• Editor RYU Hyungseok
  • Sound PYO Yongsoo

Emerging Documentary Filmmaker Award

Garden, Zoological

WANG Mincheol
  • Korea
  • 2018
  • 97min
  • G
  • DCP
  • color
World Premiere

There are not many people who think zoo animals are happy, but here are some people who are dedicated to improving the happiness of the animals. They are veterinarians and zookeepers at the zoo. The film focuses on the zoo staffs who work at the Cheongju Zoo and deals with the life and death of the animals they care for. Their daily routine is filled with big and small tasks, including cleaning cages, breeding of endangered species, care and surgery, and determining emission and euthanasia. The film observes the back of the zoo, which is invisible to spectators, with a delicate and warm gaze. Despite the dedication of zoo staffs, zoo animals are not happy. For the wild animals who "do not give them a heart while meeting every day," they look for ways to send these animals back to nature. However, they have no option but to be left as animals on display because they can not survive in the wild and they are domesticated. In the latter half, when the archiving footage is presented about the life of the tiger 'Bakramee', who was born in the zoo and lived there for a lifetime, the film conveys a pathetic atmosphere. [KANG Sowon]

Director

  • WANG Mincheol

     

Credit

  • Producer이왕형 LEE Wanghyung
  • Cinematography 왕민철 WANG Mincheol
  • Editor 안지환 AHN Jeehwan
  • Music RAINBOW99

Audience Award

Audience Award

The Evanescent Relief

RYU Hyungseok
  • Korea
  • 2018
  • 74min
  • G
  • DCP
  • color
World Premiere

What message can we draw from a story about someone overcoming an incurable disease? The Evanescent Relief hopes to answer this question by depicting a protagonist who battles a disease throughout her adolescence and tries to regain her place in family and society. For Jeongseok, who is unable to continue her education even though she is fully recovered, painting becomes her own way of observing her family and surroundings. While she paints her family members as tigers, she reveals her concerns about her role within her family. Not only does she want to help her family but she also hopes to reach out to other patients in the form of social care. Jeongseok makes us realize the fundamental social value of ‘care’ whereby the members of society rely on one another. Mature beyond her years, her deep consideration adds depth to the story about her recovery, and the film reflects upon the attitude of media that treats patients with incurable diseases as ‘outsiders’. We're led to wonder about the social perspective that produces outsiders aa well as the meaning of true care. [Suan SEOL]

Director

  • RYU Hyungseok

    How Can This be True (2015) 

Credit

  • ProducerRYU Hyeonuk
  • Cinematography RYU Hyungseok, JEONG Taehoe
  • Editor RYU Hyungseok
  • Sound PYO Yongsoo

Youth Competition

Best Award

Playing Children

KIM Soohyun
  • Korea
  • 2018
  • 24min
  • G
  • DCP
  • color
World Premiere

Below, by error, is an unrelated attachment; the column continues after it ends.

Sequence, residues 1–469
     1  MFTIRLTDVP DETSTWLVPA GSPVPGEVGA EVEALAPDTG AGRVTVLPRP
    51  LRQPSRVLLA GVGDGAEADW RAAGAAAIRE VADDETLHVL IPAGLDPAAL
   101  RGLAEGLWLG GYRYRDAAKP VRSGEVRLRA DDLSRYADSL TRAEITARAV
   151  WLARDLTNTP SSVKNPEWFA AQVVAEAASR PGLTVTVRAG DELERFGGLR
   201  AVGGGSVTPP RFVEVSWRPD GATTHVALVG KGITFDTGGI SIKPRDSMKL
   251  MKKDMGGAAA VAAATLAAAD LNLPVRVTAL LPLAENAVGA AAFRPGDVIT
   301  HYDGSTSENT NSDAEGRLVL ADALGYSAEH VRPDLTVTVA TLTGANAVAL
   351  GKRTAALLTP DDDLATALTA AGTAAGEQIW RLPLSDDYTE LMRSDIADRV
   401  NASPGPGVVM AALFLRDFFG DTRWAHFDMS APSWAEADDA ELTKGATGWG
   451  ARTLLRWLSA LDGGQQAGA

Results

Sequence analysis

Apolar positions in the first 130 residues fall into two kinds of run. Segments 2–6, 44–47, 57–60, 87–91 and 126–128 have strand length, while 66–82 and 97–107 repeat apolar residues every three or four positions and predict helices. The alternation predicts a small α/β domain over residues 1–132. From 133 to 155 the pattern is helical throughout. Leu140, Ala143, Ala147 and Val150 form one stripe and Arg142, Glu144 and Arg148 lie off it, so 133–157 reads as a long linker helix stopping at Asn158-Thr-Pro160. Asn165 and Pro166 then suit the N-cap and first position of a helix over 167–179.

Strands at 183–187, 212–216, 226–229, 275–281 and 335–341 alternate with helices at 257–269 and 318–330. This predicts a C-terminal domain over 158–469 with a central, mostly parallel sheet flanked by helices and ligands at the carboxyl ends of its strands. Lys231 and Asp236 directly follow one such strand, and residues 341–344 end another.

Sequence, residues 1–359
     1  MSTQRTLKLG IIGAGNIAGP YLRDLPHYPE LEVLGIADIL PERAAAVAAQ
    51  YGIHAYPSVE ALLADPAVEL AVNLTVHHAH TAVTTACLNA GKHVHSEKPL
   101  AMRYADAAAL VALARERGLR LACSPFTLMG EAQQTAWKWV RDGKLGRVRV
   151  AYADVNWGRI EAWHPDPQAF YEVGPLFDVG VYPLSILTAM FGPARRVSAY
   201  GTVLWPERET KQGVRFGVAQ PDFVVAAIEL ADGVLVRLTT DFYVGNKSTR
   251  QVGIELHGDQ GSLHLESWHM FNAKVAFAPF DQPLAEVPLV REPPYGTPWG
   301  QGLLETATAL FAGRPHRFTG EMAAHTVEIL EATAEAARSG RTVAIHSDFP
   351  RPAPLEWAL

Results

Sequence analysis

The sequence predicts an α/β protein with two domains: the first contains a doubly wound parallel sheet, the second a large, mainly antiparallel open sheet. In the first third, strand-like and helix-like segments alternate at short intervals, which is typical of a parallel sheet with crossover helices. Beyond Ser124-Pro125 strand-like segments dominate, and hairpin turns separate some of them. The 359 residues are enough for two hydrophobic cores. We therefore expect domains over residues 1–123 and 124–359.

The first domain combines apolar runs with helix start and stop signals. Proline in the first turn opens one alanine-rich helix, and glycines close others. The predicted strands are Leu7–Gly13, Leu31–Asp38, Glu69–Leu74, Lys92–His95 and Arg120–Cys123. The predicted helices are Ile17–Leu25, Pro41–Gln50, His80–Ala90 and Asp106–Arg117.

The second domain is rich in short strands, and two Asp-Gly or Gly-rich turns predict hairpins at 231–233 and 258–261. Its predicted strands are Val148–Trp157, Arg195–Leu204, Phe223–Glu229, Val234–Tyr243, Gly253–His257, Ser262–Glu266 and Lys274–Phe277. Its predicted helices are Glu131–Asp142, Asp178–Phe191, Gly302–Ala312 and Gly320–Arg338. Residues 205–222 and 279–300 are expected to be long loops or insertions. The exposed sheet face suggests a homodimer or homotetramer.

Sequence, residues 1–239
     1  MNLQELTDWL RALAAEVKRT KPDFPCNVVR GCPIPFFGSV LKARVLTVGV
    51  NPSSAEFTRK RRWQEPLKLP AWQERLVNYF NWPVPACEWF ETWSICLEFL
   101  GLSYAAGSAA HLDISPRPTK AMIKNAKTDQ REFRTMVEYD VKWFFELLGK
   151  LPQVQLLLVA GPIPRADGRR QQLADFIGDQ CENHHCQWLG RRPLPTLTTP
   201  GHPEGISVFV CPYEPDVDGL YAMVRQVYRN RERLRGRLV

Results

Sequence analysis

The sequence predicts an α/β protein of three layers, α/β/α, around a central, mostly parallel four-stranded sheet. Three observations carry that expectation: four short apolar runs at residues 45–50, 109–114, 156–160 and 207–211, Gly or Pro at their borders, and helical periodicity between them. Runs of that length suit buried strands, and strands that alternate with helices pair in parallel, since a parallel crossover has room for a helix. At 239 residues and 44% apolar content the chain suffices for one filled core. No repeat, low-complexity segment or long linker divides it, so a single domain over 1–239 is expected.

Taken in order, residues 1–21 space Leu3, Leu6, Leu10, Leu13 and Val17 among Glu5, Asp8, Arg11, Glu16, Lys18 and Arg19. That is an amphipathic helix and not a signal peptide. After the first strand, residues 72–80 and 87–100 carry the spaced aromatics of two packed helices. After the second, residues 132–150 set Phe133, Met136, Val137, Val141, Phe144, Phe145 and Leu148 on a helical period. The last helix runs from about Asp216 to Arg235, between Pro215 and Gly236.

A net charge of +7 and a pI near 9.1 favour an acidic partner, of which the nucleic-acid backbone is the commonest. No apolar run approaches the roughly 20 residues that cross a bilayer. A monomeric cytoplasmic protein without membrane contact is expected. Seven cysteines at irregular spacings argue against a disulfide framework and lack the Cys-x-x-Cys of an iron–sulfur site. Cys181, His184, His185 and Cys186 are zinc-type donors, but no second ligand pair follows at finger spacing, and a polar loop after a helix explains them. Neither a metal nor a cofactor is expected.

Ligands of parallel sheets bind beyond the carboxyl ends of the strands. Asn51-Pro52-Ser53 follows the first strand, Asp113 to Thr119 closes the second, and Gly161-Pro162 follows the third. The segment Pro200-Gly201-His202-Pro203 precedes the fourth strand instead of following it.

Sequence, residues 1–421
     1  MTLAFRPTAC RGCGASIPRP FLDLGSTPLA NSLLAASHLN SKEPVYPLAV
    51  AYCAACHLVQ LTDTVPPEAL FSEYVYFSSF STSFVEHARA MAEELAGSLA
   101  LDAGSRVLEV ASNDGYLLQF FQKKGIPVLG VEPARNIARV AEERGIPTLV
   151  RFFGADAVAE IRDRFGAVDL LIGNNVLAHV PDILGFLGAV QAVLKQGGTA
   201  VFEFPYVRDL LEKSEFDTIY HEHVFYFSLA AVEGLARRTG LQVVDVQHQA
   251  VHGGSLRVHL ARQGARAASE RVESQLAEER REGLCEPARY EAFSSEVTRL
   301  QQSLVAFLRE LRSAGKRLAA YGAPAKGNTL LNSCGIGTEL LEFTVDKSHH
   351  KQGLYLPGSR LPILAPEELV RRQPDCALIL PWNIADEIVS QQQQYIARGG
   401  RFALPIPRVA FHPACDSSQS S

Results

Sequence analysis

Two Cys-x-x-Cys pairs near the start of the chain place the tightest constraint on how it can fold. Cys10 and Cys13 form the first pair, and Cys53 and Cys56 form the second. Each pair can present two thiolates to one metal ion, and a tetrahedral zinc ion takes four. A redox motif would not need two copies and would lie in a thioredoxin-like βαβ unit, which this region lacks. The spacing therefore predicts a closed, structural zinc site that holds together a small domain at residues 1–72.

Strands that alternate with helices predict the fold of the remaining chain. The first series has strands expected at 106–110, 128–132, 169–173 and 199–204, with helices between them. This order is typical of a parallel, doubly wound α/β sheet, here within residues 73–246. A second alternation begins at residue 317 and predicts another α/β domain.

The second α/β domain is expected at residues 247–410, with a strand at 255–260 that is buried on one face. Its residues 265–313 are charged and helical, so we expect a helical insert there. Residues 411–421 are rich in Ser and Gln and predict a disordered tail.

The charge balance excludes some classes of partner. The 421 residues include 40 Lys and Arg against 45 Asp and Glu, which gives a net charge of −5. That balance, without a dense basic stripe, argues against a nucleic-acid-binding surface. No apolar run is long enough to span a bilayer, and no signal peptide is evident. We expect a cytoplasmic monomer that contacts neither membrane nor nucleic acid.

We have the most fun when we play. That’s just the way it is. However, as we grow older we push aside the fun of playing and only regard it as a reward for a special occasion. The director of Playing Children has decided to capture on camera scenes of children playing. It’s pointless to research and explain the reason why flowers are beautiful. It’s best to show them directly. Children play enthusiastically everywhere, find toys in anything, come up with new games, and step into a world of imagination. The film proves that a depiction of their innocent energy is itself a valuable work. The analyses and opinions of grown-ups inserted in the middle of the film seem to come from a high watchtower. It’s higher up from the ground where children are playing, which makes us slightly dizzy at first. Yet, the difference in height reminds us once again of the importance of playing. The narrator stands between the children on the ground and the grown-ups on the high watchtower. What is going through the director’s mind as the camera observes the two places? [AHN Seulki]

Director

  • KIM Soohyun

    Playing Children (2018)

Credit

  • ProducerKIM Soohyun
  • Cinematography KIM Soohyun
  • Editor KIM Soohyun
  • Sound KIM Soohyun

Excellence Award

Walk Under the Glare of the Moon

KUEM Jungyun, SONG Dawon
  • Korea
  • 2018
  • 13min
  • G
  • DCP
  • color
World Premiere

This short documentary about ‘fandom’ among teenagers vividly depicts the way they wait up all night just to get a glimpse of the stars visiting Korea in time for the release of Avengers: Infinity War (2018). During the long wait, they record themselves, and when they finally meet the stars, they take selfies with them as proof of existence to be shared proudly among the fandom. However, teachers do not approve of the fandom culture, whereby kids ‘worship’ celebrities. To grown-ups, it seems like a waste of time to wait for stars and such brief encounters with celebrities do not mean much. What they do not realize however is that the kids are enjoying the fandom culture with their peers instead of blindly following stars. Those who enjoy popular culture have been and will always be enthusiastic about pop icons. Years later, they will cherish their memories of the culture they shared together. [PARK Busik]

Director

  • KUEM Jungyun

    Walk Under the Glare of the Moon (2018)​
  • SONG Dawon

    Walk Under the Glare of the Moon (2018)​ 

Credit

  • ProducerKUEM Jungyun, SONG Dawon
  • Cinematography SONG Dawon
  • Editor SONG Dawon
  • Music SONG Dawon
  • Sound KUEM Jungyun